5. “That’s why Haynes’ film was so refreshing, he went straight to the music with pitch-perfect attention.” Indeed! The opening credits with Needle in the Camels Eye was an apt introduction to the merging of music and image to come.
    Certainly some of America wasn’t very aware of or actually derided Glam but those of us who followed British bands were quite devoted to it. We read Melody Maker and the NME. Creem magazine had wonderful coverage of Bowie, Bolan, Roxy, Mott the Hoople, etc. There was the Things From England radio show and Don Kirshner’s Rock Concert which had Bolan and Mott the Hoople and The Midnight Special which aired Bowie’s previously mentioned Marquee Club gig, aka The 1980 Floor Show, which I don’t believe has ever aired in Britain. We knew who Queen was long before they were a fixture of stadium rock as well as Gary Glitter’s songs before Rock n Roll Part II became something played at football games. The exoticism was welcome because it was a break from the domination of the hippie era – that was the previous generation’s music – Glam was the future.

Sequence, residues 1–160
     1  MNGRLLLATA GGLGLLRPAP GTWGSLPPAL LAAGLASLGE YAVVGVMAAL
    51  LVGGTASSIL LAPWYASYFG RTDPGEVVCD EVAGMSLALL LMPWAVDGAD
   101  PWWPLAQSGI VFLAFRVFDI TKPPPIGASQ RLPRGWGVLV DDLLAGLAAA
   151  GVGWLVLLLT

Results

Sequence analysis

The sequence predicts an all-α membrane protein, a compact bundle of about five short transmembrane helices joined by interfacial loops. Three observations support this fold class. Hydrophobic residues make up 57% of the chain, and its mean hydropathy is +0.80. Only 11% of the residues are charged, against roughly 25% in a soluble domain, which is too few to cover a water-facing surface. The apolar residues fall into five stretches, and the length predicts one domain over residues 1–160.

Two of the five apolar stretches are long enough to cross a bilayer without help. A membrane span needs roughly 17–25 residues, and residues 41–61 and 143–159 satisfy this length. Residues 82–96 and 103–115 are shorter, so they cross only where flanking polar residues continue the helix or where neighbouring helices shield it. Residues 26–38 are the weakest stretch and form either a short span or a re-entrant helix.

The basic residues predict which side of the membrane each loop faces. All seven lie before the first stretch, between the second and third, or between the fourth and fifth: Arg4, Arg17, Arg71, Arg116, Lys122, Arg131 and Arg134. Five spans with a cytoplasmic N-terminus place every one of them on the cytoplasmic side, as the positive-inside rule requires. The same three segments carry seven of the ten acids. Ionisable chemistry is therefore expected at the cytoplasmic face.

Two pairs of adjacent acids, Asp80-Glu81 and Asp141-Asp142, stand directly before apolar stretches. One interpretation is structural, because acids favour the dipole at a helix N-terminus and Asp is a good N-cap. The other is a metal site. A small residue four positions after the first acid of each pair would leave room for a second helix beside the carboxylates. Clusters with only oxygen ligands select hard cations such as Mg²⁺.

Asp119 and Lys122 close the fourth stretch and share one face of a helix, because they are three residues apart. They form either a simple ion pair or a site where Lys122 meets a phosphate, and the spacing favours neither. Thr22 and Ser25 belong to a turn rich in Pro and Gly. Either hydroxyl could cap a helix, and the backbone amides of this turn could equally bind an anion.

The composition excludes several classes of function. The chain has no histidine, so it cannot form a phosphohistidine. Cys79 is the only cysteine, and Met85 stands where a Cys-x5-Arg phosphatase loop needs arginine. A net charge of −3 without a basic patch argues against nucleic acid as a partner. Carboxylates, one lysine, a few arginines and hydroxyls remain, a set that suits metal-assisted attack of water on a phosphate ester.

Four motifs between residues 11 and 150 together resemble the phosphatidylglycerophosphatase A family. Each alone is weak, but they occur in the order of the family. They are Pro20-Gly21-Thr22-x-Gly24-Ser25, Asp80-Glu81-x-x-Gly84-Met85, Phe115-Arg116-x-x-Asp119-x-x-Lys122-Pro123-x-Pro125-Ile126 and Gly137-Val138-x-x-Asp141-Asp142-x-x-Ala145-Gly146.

I think Haynes was ahead of the curve in re-exploring this era, since its release Q and Mojo, for example, have devoted lots of coverage to Ziggy et al. Bowie is no longer embarrased about Ziggy, which he appeared to be for quite a few years, even mocking him on David Letterman. In a way we are like Arthur Stuart, slightly embarrassed at our adolescent exuberance for this time in history, but on reflection recalling that it was quite thrilling.

  6. from Marc Almond official at FB: Marc is proud to announce a special one off performance of the Marc And The Mambas classic album Torment And Toreros at London’s Festival Hall on 9 August 2012. Marc has been specially invited by Anthony Hegarty to perform the album as one of the main events at his Meltdown Festival at the London Southbank. Anthony is the curator of the 2012 Meltdown Festival and he has always cited Torment And Toreros as one of his favourite and most inspiring records. Marc will be presenting the album in its entirety, including some of the extra tracks, with an ensemble of musicians that will include one or two of the original musicians that featured on the album and also Anthony himself.